As we wrapped up Chapter 6 of math, we continued to work with ten frames to help make our thinking about numbers more visual and concrete. It also helps us explain our thinking when we identify numbers as greater than or less/fewer than.
We also organized groups of objects by counting the items, labeling them with number cards, and then ordering them from least to greatest. Perhaps a favorite of the crowd was a guessing game in which we had to give clues to our friends about the secret number by telling them if the number was greater than or less/fewer than the number they guessed. We use the words "fewer" and "fewest" frequently in the program, although less than comes more naturally to the students. The terms used now will continue to be built upon in first grade, second grade, and so on, so it is important that we learn all of the possible terminology now! We try to use a few different terms to describe- for instance, if a student said the collection of erasers was the smallest collection, we may ask ourselves, "What's another way we could say that?", and identify other words like fewest or less than.
Next, we worked together in our table groups to exchange numbers, build towers out of connecting cubes that matched those numbers, and had discussions comparing the towers, telling one another which one represented the greatest number, the fewest, and which were greater or less than with the towers in between.
During reading workshop time, we continue to explore various types of nonfiction text and nonfiction text strategies. Typically, we learn the strategy as a whole group, as we examine a book together. Then we go back to our book bins to try the strategy out with our chosen books.
A new type of nonfiction book for us was a biography. We learned about the characteristics of a biography, as well as literary nonfiction, as we read the book, Me...Jane about Jane Goodall. This book is the true story of her life, but is written more like a storybook with mostly drawings, rather than photographs. It taught us that we cannot always assume that a book with illustrations is fiction, and book with photographs is nonfiction, and vice versa!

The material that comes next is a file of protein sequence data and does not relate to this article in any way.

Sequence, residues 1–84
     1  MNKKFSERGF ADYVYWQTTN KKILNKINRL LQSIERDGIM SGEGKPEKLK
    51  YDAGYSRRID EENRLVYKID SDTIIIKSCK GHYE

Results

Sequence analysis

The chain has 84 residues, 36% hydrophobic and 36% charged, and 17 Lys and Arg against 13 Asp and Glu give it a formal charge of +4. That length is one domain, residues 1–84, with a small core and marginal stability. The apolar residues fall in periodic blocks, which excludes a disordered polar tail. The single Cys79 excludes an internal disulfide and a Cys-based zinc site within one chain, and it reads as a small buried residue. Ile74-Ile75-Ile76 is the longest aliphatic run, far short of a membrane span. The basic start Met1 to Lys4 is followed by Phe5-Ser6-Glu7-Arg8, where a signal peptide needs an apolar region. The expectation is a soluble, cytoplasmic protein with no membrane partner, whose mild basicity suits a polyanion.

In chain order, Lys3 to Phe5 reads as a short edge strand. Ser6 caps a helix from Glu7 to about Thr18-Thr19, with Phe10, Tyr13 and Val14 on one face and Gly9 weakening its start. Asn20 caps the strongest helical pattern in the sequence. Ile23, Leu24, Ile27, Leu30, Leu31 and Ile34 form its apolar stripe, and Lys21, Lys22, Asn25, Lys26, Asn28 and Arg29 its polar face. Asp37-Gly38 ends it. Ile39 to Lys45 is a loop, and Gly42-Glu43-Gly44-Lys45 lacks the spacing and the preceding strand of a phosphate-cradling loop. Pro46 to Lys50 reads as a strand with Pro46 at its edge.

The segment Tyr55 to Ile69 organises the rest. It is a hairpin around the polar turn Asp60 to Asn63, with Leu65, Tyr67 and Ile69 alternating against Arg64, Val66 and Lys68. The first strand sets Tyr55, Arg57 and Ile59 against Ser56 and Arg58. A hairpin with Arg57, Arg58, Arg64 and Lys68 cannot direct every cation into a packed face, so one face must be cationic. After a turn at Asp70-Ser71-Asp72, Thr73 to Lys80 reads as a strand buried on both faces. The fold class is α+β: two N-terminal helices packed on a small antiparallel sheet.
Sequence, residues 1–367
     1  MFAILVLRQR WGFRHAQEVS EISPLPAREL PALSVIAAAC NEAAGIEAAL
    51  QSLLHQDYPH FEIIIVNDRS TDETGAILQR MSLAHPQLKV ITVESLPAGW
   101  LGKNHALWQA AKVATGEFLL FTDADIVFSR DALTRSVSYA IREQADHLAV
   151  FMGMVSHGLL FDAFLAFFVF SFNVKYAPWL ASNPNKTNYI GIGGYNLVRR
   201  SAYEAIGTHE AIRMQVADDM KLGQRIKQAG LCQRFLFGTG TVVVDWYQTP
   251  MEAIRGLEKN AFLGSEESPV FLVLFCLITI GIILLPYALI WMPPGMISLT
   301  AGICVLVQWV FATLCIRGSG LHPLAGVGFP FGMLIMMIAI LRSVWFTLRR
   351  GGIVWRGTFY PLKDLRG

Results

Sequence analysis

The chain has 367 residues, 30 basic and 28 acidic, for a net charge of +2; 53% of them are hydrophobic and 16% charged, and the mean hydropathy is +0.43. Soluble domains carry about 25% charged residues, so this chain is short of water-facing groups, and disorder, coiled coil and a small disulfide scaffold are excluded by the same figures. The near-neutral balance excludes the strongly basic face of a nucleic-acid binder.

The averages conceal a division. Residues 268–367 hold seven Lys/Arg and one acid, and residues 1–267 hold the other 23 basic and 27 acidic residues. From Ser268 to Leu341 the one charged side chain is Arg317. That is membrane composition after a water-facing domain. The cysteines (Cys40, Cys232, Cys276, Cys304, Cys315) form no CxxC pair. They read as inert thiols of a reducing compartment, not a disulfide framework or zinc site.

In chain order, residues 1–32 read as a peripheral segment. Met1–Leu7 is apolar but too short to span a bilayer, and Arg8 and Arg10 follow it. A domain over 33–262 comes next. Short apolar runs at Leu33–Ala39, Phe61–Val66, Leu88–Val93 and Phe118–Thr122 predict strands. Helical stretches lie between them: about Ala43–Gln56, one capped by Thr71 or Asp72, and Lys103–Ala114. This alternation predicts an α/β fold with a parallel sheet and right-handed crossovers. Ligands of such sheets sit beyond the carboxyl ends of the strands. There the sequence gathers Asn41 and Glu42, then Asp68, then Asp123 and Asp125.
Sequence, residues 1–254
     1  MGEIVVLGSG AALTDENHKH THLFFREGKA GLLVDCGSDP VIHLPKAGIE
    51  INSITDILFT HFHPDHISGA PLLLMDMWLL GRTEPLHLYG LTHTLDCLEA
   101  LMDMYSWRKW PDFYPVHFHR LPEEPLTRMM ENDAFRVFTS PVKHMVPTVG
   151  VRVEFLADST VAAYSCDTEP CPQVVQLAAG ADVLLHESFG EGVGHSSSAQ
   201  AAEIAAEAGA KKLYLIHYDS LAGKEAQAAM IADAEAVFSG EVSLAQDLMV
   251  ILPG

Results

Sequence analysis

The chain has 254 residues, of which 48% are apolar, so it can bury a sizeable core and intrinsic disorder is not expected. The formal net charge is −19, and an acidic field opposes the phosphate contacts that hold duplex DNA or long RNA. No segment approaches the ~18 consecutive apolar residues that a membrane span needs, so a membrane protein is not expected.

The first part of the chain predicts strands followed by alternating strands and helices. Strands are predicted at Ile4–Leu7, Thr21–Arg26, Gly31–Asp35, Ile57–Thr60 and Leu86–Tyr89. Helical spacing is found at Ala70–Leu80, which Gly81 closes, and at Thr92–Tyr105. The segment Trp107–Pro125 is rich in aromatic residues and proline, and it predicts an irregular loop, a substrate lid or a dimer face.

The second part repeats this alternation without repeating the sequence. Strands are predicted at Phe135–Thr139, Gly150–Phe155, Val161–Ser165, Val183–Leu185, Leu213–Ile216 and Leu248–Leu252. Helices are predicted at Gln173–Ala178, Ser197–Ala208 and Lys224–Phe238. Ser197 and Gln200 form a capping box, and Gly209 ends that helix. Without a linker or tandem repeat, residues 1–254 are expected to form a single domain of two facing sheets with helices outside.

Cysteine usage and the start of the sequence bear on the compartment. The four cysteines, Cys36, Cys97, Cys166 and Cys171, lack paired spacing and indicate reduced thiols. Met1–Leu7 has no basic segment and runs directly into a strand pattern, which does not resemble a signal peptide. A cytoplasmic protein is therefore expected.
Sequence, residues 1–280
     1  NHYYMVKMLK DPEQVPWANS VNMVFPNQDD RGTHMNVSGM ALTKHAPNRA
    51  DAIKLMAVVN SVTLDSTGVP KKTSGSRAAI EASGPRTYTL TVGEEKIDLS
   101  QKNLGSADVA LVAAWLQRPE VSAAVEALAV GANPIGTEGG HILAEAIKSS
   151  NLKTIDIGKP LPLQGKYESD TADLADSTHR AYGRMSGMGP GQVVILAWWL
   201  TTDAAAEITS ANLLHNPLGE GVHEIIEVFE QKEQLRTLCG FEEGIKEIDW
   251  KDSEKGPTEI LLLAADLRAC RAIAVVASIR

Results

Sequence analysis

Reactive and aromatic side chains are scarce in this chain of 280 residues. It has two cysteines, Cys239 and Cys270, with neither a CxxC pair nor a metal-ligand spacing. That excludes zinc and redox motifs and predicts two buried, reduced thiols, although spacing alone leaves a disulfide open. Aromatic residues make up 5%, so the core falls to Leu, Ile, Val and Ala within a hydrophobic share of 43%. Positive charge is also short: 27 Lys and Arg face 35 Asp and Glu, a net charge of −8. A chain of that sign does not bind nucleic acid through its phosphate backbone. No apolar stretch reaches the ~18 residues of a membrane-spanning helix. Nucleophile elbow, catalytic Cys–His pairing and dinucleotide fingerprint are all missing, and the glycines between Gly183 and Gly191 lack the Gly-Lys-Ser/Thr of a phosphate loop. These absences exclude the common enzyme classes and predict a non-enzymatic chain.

Next, we learned that asking questions as we are reading can help us understand more of what we read. We used the book, I See a Kookaburra! to practice this strategy with it's detailed illustrations that led us to ask many questions about the different kinds of animals that live in various regions.
As we read nonfiction books, we come across new words, of which we may not know the meaning. We introduced a few strategies to try when we encounter an unknown word, and practiced these by revisiting a nonfiction book we have read before about bees.
Next, we learned about identifying the main idea and supporting details with a book about taking care of ourselves, called Healthy Habits. Finally, we focused on previewing a new nonfiction book to get our brains ready to analyze the information presented. This sparked a lot of great discussion between our turn and talk partners when we previewed the book, What We Wear: Dressing up Around the World. I was amazed as I listened to the partner discussions as we read this book. I heard students sharing knowledge of their cultural heritage, from Ecuador, Kazakhstan, Mexico, Poland, Russia, Bulgaria, Serbia, and my favorite, St. Louis! There's nothing like these kindergarten discussions to bring a smile to your face!